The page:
Sounds want a new stadium — does the city?

Sunday, April 4, 2010 at 11:45pm

Just days from now, fans will grab their gloves, throw on their caps and turn onto Chestnut Street to watch the hometown Nashville Sounds take on the Iowa Cubs. It’s another home opener at Greer Stadium.

Over the years, Nashville’s minor league ballpark has showcased its share of stars, from former greats like Don Mattingly and Willie McGee to current stars Prince Fielder and Ryan Braun. But the stadium, built in 1978, still feels like a relic of from a mostly forgettable era.

Sure, Greer’s condition has improved. Last year’s $2.5 million renovations restored previously decrepit bathrooms, placed seats where there were once gaps, and added a better sound system. Despite these upgrades and the famous guitar-shaped scoreboard that’s been a crowd pleaser since 1993, Greer has seen better days — especially compared with the wave of new downtown Minor League Baseball stadiums cropping up throughout the country.

Recognizing the shortcomings of Greer and the inconvenience of its location, the Sounds’ new owners have casually pitched their desire for a new downtown ballpark at a few informal meetings with the mayor’s office. So far, the group has been testing the waters, but as the new season arrives, the organization is ready for talks to pick up.

For the time being, Metro doesn’t appear to share that sense of urgency.

From the moment New York-based MFP Real Estate purchased the city’s Minor League Baseball club in 2008, the group has made clear its desire to depart the dilapidated, 32-year-old stadium for a new downtown ballpark. Although the former Sulphur Dell site — northeast of the state Capitol building — and the fairgrounds have been bandied about as potential locations, Sounds owners are clear they would prefer to build on a valuable, city-owned 12-acre property near downtown’s riverfront where an old thermal plant once sat. It’s the same tract the previous Sounds owners eyed before they botched a deal three years ago.

Click here to read how Louisville built a new ballpark

In recent weeks, the new ownership group has made a calculated push for a new stadium, hiring veteran real estate attorney Tom White as legal counsel, Hastings Architects to produce renderings and John Seigenthaler Jr. as public relations strategist. To borrow the overused but appropriate baseball expression, the Sounds are ready to play ball.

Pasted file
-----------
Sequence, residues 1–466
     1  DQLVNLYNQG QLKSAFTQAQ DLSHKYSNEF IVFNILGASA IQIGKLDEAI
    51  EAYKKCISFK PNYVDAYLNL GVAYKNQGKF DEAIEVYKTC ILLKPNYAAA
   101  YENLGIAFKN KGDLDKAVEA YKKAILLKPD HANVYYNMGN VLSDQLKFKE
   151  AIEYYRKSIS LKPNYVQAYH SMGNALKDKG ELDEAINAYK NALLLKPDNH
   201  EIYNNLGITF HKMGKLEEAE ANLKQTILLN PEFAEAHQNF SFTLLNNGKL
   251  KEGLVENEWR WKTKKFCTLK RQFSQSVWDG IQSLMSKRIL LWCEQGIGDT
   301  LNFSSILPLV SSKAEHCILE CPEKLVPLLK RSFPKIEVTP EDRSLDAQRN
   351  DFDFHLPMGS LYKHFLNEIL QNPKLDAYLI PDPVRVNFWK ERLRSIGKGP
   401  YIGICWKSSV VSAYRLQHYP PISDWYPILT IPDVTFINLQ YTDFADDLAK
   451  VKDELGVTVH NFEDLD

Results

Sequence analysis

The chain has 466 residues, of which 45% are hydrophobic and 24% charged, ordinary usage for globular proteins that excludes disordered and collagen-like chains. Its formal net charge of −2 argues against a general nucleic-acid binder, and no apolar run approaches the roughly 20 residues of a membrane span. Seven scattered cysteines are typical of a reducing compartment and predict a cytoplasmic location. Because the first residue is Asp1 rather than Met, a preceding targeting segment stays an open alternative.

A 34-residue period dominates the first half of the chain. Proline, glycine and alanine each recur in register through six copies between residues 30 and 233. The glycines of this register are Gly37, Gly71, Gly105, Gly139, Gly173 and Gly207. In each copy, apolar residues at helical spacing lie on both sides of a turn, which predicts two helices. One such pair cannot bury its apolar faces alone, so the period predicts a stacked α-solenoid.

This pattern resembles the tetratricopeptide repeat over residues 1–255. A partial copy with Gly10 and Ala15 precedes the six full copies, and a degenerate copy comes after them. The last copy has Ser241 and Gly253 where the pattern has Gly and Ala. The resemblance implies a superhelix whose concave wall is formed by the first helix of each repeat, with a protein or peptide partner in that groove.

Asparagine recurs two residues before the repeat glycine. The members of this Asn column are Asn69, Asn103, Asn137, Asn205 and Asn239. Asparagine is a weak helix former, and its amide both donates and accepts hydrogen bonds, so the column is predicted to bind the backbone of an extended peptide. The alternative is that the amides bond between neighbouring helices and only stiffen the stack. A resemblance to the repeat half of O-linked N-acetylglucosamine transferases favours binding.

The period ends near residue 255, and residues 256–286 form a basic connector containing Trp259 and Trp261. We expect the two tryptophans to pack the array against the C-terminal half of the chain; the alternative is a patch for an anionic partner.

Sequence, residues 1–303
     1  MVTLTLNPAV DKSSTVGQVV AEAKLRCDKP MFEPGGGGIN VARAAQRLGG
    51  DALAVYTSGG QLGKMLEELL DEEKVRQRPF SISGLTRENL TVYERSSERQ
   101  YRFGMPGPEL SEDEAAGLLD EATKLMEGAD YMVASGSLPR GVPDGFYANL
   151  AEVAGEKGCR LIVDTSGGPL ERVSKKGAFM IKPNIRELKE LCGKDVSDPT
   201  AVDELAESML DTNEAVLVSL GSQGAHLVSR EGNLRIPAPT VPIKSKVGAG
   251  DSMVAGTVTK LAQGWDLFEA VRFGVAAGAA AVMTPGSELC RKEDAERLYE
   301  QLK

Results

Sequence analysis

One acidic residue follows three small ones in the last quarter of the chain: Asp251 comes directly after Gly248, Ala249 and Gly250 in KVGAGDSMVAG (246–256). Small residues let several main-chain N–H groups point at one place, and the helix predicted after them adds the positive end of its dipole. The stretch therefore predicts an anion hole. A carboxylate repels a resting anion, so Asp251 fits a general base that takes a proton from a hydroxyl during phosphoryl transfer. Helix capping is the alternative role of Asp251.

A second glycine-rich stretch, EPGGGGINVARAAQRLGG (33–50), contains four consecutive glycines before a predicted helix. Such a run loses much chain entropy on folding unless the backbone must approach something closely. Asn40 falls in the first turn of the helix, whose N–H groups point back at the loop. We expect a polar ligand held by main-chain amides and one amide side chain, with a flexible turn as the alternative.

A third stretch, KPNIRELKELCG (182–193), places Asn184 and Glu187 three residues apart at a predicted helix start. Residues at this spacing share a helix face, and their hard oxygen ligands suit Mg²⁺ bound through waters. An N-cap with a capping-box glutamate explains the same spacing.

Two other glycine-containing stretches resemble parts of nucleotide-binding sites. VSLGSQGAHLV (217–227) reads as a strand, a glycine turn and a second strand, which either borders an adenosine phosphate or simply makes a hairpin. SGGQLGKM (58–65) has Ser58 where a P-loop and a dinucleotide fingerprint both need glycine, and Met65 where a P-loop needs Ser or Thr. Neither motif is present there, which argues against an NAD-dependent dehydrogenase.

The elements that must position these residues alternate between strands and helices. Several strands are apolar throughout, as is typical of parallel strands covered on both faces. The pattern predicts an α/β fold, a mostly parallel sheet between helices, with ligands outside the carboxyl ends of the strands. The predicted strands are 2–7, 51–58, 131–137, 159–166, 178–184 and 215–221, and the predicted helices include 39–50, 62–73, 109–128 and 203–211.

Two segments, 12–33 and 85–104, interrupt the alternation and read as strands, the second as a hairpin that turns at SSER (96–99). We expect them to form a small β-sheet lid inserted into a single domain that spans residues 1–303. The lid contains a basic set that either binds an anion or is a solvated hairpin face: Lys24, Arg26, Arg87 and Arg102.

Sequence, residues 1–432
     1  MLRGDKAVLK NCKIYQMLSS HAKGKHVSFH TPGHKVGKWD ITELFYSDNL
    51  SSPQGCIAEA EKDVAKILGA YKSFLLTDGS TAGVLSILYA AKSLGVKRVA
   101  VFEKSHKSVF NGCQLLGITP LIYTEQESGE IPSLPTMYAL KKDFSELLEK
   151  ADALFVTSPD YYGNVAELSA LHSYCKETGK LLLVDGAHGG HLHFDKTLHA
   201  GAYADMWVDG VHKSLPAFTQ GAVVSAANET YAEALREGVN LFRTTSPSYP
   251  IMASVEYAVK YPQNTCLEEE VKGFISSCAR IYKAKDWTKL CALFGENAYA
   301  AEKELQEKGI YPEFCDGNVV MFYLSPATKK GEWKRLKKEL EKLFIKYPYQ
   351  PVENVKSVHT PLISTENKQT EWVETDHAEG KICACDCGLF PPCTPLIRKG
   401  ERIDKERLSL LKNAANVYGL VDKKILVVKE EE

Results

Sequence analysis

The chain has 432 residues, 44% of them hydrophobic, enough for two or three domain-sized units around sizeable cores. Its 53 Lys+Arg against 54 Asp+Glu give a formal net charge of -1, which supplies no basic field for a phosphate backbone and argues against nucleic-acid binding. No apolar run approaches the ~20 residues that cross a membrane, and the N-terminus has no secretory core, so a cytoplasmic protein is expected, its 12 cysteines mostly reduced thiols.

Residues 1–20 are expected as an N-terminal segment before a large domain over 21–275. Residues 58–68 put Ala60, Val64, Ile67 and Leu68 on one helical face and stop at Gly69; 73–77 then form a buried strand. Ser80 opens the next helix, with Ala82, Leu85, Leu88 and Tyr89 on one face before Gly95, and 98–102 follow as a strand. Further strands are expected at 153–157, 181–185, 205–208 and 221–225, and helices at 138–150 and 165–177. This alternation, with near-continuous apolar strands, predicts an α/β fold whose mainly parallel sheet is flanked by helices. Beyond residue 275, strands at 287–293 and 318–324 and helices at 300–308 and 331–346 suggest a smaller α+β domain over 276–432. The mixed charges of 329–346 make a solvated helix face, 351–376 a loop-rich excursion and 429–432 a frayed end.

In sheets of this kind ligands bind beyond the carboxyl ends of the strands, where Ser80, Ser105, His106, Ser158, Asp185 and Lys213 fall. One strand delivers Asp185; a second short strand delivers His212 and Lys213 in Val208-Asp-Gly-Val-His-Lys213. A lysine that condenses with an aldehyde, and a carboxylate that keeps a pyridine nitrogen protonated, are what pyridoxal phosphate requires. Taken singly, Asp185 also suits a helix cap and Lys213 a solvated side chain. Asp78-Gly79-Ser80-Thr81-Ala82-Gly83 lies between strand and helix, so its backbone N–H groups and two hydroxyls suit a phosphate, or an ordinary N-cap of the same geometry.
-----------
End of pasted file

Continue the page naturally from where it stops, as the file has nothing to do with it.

“Timing-wise, I’d love to resolve it this year,” Sounds co-owner Frank Ward told The City Paper. “But that’s something not in our control.”

For the Sounds, time appears to be of the essence. At the end of the year, the organization’s affiliation with Major League Baseball’s Milwaukee Brewers is up for renewal. In an era when retro downtown minor league ballparks are popping up in cities like Louisville, Ky.; Durham, N.C.; and Reno, Nev., the Brewers would like to see Nashville move toward that end.

“One of the things that the Brewers have made very clear to us is, absent the clear indication that there’s going to be somewhere else other than Greer to play, the Brewers are probably not interested in being affiliated with us,” Ward said. “They realize you can’t have the stadium tomorrow, but they want to know that something is going to transpire.”

Ward didn’t rule out relocating the Sounds if they’re unable to build a new stadium here.

“You would have to explore something,” he said. “I don’t know what that is yet. A reasonable businessman would have to say, ‘I can’t afford to play here. I can’t afford to continue pumping money down the hole. I can’t continue to keep losing money. I have to look at what alternatives are available to me.’ ”

City’s play

Ward, who maintains he’s “guardedly optimistic” that a deal would emerge and said he has no complaints about city leadership, suggested a formal stadium proposal awaits the go-ahead from Mayor Karl Dean. “That’s more driven by the city,” Ward said. “When the city says, ‘Here’s what we want to know. Here’s the proposal we want,’ we will present it to them.”

But Dean, Metro Finance Director Richard Riebeling and others in the mayor’s office aren’t too eager to publicly discuss the topic — not now, anyway; not in the middle of the budget process; and certainly not on the heels of the campaign for a new $585 million downtown convention center. Moreover, officials in the mayor’s office said it’s incumbent upon the Sounds to offer Metro a presentation.

Contacted by email to interview Dean on the possibility of a new Sounds stadium, mayor’s office spokeswoman Janel Lacy declined. Instead, she offered up a canned statement referring to the mayor as a “huge baseball fan” who would “like to see a new baseball stadium in Nashville at some point.”